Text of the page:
The Phonecall That Won Me The Grand National
My career as a jockey started off with Jessica Harrington who was a good friend of my parents and I got to know her through the pony club.
When I decided that I wanted to become a jockey, Jessie was my first port of call. Thankfully I got my foot in the door and I was just going in with my eyes open to give it a go to see if I had a chance of making it.
My first ride was in a bumper at Naas.
It was on a mare that my mother owned called Younevertoldme which turned out to be my first winner when she ran over hurdles.
I was riding out at Jessie’s yard a couple of times a week and then Paddy Mullins offered me the job as conditional jockey. I signed up with Paddy for one full season and it was a great boost for my confidence to be offered a full-time job.
Paddy was a man of few words but whenever he did say something it was always correct. I got so many good opportunities there and Bob What was the horse who got me going at the start.
I won a couple of good handicap hurdles on him and he won a big one on Hennessy day at Leopardstown.
That was my first win as a professional, it was live on RTE and it was a great way to start off.
The next win that really put me on the map was on a horse called Nearly A Moose.
He was a talented horse but he had his jumping issues and one day he was in a big handicap chase at Naas. Paddy Mullins gave me the ride and for some unknown reason he jumped well that day!
I rode him at Cork over three miles and he won and then it was on to the Galway Plate. His jumping problems returned and he made a mistake four out but he came back and won well. To win a Galway Plate as a young 5lb claimer was a great boost.
I was champion conditional at the end of that season and at that time I was back riding for Jessie Harrington and getting more good opportunities, I had two great stables behind me. I was still only about 23 and because of the Galway Plate win I found myself in demand.
Making The Grade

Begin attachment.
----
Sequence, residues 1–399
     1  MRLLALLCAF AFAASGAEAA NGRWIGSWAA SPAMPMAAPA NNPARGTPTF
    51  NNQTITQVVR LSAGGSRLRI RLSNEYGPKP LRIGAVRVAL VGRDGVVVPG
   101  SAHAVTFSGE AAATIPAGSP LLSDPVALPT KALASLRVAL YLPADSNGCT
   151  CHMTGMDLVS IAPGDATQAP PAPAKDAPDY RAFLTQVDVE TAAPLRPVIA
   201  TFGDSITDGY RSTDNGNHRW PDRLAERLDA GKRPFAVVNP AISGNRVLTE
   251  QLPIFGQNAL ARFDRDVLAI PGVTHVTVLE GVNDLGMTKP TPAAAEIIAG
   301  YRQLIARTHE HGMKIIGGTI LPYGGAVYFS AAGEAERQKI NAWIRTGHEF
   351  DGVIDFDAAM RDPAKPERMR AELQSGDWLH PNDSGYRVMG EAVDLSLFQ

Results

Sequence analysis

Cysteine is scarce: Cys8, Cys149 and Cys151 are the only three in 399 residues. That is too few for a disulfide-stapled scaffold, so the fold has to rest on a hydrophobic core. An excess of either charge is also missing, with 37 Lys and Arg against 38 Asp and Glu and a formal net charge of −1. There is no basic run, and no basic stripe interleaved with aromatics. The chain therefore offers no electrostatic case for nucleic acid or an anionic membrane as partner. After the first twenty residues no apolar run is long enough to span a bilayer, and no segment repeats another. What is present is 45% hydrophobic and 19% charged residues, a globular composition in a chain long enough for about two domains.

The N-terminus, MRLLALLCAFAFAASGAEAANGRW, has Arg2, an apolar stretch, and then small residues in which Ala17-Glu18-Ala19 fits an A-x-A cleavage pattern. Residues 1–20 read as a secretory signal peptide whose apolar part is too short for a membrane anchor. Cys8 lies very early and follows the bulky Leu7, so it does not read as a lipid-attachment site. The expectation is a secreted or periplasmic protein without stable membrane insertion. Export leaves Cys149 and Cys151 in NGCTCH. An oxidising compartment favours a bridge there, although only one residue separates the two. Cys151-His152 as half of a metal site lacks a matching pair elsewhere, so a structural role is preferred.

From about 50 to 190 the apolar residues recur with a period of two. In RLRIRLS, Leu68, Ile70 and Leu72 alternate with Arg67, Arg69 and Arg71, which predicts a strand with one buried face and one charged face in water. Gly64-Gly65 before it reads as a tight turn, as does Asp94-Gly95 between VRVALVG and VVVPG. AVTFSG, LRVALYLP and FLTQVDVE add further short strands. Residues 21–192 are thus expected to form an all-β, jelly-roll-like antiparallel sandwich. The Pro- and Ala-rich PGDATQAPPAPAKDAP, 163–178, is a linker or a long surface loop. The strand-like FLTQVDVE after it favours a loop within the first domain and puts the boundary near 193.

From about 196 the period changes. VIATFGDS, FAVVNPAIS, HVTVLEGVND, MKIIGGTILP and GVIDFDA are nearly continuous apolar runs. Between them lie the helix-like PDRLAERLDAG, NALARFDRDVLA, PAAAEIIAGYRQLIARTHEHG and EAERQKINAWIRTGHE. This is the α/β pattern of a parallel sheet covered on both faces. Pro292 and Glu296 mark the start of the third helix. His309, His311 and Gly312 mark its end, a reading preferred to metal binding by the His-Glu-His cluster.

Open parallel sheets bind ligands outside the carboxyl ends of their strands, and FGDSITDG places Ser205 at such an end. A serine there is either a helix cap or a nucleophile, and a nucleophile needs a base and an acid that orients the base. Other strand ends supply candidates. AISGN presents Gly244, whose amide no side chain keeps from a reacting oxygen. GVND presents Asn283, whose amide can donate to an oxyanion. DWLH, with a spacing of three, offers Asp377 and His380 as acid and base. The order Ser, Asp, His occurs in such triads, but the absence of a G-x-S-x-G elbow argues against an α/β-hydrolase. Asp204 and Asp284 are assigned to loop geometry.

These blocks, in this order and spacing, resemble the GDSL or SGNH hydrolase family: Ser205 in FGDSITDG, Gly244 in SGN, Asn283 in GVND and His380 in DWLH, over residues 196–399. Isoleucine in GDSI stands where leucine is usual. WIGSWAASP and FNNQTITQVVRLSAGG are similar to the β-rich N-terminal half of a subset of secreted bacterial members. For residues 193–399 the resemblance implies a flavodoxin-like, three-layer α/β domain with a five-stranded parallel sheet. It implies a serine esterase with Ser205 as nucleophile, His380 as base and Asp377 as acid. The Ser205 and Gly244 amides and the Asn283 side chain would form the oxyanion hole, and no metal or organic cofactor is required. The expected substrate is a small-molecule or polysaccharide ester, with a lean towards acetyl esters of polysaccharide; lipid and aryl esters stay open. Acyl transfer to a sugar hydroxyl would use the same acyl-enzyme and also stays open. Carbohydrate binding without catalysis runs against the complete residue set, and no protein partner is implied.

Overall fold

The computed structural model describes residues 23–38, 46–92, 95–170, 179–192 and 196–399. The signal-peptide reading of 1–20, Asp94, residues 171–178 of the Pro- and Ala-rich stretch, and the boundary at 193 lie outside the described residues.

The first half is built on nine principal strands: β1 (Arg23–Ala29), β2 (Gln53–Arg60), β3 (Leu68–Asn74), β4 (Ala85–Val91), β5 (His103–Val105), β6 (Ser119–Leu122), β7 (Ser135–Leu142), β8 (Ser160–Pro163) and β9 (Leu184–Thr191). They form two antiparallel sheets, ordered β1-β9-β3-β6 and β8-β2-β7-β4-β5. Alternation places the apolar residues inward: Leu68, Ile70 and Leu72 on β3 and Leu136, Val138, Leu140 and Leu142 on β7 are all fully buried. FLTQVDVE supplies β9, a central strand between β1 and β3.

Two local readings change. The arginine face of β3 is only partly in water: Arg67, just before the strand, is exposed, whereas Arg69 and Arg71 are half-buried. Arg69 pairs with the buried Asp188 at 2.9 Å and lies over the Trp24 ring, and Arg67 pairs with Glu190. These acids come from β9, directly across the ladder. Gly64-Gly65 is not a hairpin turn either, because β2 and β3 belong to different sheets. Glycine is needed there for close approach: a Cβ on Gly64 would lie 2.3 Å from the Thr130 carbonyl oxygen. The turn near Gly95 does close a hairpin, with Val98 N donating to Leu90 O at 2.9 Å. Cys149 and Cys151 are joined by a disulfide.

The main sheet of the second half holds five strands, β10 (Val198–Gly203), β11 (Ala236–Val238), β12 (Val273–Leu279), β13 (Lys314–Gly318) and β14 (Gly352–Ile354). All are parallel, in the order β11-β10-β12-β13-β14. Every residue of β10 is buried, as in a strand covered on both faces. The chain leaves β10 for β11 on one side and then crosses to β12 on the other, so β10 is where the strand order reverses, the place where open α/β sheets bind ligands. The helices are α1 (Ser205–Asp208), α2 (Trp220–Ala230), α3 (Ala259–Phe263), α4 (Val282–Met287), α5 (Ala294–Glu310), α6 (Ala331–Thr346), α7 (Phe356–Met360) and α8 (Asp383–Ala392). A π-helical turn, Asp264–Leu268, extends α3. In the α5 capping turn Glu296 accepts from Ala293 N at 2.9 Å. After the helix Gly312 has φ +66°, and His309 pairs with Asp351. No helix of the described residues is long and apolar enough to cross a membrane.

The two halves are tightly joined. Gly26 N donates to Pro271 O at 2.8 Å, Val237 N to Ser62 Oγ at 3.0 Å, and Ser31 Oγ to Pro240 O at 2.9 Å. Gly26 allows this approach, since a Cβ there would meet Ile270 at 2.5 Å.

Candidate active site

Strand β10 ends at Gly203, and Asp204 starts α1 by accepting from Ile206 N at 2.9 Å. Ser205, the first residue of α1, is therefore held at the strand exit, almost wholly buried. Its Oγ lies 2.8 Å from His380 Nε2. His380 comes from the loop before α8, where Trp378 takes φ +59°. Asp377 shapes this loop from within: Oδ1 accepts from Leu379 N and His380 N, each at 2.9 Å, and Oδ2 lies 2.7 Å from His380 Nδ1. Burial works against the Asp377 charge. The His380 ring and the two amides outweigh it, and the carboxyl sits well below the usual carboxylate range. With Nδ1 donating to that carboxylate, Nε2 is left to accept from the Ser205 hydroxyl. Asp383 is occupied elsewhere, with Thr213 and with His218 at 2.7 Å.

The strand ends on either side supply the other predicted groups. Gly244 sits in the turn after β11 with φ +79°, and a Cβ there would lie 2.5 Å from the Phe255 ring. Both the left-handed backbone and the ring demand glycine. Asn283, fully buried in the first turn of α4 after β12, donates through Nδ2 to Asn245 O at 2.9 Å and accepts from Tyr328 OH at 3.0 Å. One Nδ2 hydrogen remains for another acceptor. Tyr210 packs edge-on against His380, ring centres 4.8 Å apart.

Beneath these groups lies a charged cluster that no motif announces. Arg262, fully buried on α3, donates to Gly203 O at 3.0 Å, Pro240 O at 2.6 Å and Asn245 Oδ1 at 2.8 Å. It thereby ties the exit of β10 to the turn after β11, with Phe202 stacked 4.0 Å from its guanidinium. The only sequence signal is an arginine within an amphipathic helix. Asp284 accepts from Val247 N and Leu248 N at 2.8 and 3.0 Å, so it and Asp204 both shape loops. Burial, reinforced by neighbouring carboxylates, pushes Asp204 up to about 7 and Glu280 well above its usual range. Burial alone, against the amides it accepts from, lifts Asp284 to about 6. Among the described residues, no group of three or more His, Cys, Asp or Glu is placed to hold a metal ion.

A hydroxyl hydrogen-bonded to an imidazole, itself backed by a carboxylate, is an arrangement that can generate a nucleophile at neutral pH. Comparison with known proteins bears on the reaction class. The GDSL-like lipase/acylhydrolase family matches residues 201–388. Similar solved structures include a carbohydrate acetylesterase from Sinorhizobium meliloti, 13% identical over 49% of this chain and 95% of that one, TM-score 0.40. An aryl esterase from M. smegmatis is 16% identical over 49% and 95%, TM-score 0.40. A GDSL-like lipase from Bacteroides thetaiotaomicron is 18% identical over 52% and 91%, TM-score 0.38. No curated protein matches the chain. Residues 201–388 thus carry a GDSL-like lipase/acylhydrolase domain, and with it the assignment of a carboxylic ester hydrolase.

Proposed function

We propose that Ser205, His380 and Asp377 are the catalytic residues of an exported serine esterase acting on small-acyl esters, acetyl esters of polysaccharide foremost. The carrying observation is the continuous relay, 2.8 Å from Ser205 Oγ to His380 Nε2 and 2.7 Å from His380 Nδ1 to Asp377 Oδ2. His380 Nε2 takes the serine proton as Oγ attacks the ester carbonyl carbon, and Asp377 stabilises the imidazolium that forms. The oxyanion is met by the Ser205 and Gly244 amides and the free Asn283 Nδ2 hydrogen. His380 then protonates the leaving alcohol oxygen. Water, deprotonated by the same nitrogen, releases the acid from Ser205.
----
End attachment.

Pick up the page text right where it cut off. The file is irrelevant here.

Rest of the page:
The next season I had a good chance for my first Grade One in the Dr PJ Moriarty.
Jessica was running two horses that day, Well Presented and Carrigeen Victor. I’d won on both before and I’d been hoping Jessie would only be running the one, but instead I was left with my first real decision to make as a jockey.
Thankfully I made the right choice on Carrigeen Victor. It was great to have a Grade One on my CV but Racing is a fickle sport and working at both yards kept my feet firmly on the ground, every young jockey needs that.
How I Won The National
2007 had been a terrible year for me.
I’d had a few injuries and it was all stop-start. In November that season, Gordon Elliott rang me to ride Silver Birch in the cross country race at Punchestown. My agent had wanted me to ride three horses in Cork but I said no and told Gordon I’d ride his. He warned me that I’d only get the one ride at Punchestown but I didn’t care and went on to ride Silver Birch to 2nd in the cross country.
Jason Maguire was due to ride him in the Grand National but I got a phonecall from Gordon saying Jason couldn’t do it.
I wasn’t coming down with offers having been in and out of action through injury so I went to work with him. I couldn’t believe how good he was going compared to November when I’d rode him at Punchestown.
Over The Last
I went to Aintree quietly confident that he could run a good race. He had course experience and I didn’t think getting round would be an issue so I hoped he could run into a place with some luck. It wasn’t until I jumped the last that I thought I might actually win it.
I’d been going well and three out I had a look around me and realised I would get a place with only 6 or 7 around me. But over the last I had another look and thought to myself, ‘I’ll never be in this position too often so let’s make the most of it.’
It was Gordon’s first runner in the National and only my second ride in the race so there was no pressure on us and thankfully it worked out well.
It took me a bit longer to get my first Cheltenham winner.
Going into the 2011 Festival I thought I was going to break my duck with Oscars Well. He cleared the last really well in the Novices’ Hurdle but just took a bad step and buckled on landing. He lost valuable ground and ended up finishing fourth.
Half an hour later I came out for the RSA on Bostons Angel. He’d already won two Grade Ones that winter, he was an ideal horse for an RSA Chase but he was a 16/1 shot and I wasn’t sure he was good enough to win it. But toughness and heart got him through and I picked up the win.
If I was to advise any young conditionals now I’d say you need to base yourself in the right yard.
I wouldn’t necessarily take a job at a small yard where you’d be top jockey, just pick the right yard, even if it’s bigger. There will be plenty of opportunities with the top trainers and other yards who are unable to attract the likes of Ruby Walsh or Barry Geraghty will notice you.